Trigger Point Injection – Technique and Overview

Name of Procedure

Trigger Point Injection

Sample Opnote


To administer medications to a trigger point


Trigger point related pain


  • Local skin infection, inflammation, trauma or burns.
  • Coagulopathy or anticoagulant use (relative contraindication)
  • Common contraindications



  • Alcohol prep pad
  • 25g x 1.5” hypodermic needle
    • Usually this is sufficient but consider that deeper muscles or obese patients may require a longer needle.
    • In this case consider a 25g still so that you don’t have to anesthetize the skin.
  • 5-10cc syringe with desired injectate (ie, 0.25% bupivacaine with 40mg triamcinolone)

Landmarks and Patient Positioning

This will vary greatly based on the injection site. Generally just have the patient in a comfortable position with the target muscle well exposed.

Most often trigger points occur in the thoracic and cervical levels so the patient can usually be sitting on the side of an exam table.


  1. Identify exact targets
    1. Palpate around the area that the patient reports pain to find the specific location of trigger points
      1. Keep in mind that trigger point pain is often referred and the location of pain may not be exactly where the trigger points are
    2. You will be looking for tight bands of muscle:
      1. There might be more than one trigger point
      2. Distinguish from feeling bone
      3. Look to elicit the patient’s normal pain with pressure on the trigger point
    3. The targets are often slightly mobile and you’re targeting them blindly so it’s helpful to make a small mark on the skin to remember the exact location.
  2. Insert your 25g x 1.5” hypodermic needle right on top of the trigger point and advance straight into the trigger point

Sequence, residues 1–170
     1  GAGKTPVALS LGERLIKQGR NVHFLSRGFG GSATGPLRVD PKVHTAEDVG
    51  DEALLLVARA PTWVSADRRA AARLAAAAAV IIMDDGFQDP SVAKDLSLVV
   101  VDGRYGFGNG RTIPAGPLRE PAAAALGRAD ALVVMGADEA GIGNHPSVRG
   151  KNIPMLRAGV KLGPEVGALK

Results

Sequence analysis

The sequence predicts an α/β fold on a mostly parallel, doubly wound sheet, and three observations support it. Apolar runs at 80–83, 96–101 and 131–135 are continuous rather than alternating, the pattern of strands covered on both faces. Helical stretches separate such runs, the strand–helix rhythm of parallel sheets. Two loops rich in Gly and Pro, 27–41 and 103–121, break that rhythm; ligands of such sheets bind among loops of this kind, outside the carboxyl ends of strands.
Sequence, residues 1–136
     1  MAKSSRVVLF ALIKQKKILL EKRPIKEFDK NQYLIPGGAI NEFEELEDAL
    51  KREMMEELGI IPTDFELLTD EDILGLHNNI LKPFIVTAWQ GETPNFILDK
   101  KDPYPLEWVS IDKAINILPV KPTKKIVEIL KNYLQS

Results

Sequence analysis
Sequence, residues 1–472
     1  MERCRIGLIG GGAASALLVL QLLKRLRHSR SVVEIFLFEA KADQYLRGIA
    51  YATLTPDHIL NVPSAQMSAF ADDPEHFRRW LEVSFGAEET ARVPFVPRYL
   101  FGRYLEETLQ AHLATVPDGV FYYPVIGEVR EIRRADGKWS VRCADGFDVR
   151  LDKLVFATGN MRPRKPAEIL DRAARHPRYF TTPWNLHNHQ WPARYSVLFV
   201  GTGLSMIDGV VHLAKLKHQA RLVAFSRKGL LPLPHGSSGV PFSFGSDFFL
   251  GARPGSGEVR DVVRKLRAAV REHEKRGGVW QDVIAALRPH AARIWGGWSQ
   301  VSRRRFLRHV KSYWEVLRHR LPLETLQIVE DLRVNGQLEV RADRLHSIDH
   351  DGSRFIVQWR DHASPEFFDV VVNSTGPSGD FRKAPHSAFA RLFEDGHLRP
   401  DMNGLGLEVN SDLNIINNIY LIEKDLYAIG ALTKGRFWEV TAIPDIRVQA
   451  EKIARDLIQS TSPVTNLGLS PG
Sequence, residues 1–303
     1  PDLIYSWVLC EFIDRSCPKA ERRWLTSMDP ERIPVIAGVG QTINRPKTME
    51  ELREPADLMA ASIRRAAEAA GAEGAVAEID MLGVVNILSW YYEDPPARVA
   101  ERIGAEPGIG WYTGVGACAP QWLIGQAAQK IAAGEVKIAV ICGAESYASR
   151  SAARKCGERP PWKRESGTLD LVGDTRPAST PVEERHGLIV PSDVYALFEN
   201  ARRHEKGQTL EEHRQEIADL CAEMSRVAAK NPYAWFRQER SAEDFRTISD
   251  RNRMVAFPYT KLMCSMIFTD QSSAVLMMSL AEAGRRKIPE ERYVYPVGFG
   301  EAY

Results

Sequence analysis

1. You may sometimes see muscle twitching.
  3. Inject desired medication
    1. In addition to the main target, you usually want broad coverage to ensure that you’ll fully cover the trigger point
    2. Move your needle in a cone like fashion, injecting medication evenly throughout
    3. Since you are “fanning” your injection your needle is moving locations a lot and so you probably don’t need to aspirate for blood


  1. These injections are generally simple and low risk so keep in mind situations where you are most likely to have issues:
    1. Obese patients have a lot of adipose tissue before reaching muscle
    2. For thoracic and cervical area trigger points (very common) pneumothorax is theoretically possible, although generally uncommon:
      1. 25g needles can reduce the risk of a clinically significant pneumothorax
      2. If doing bilateral procedures be especially cognizant as a bilateral pneumothorax is critical.
      3. Consider all this especially important for thin patients.
  2. See various references regarding injectate options and efficacy which is beyond the scope of this article.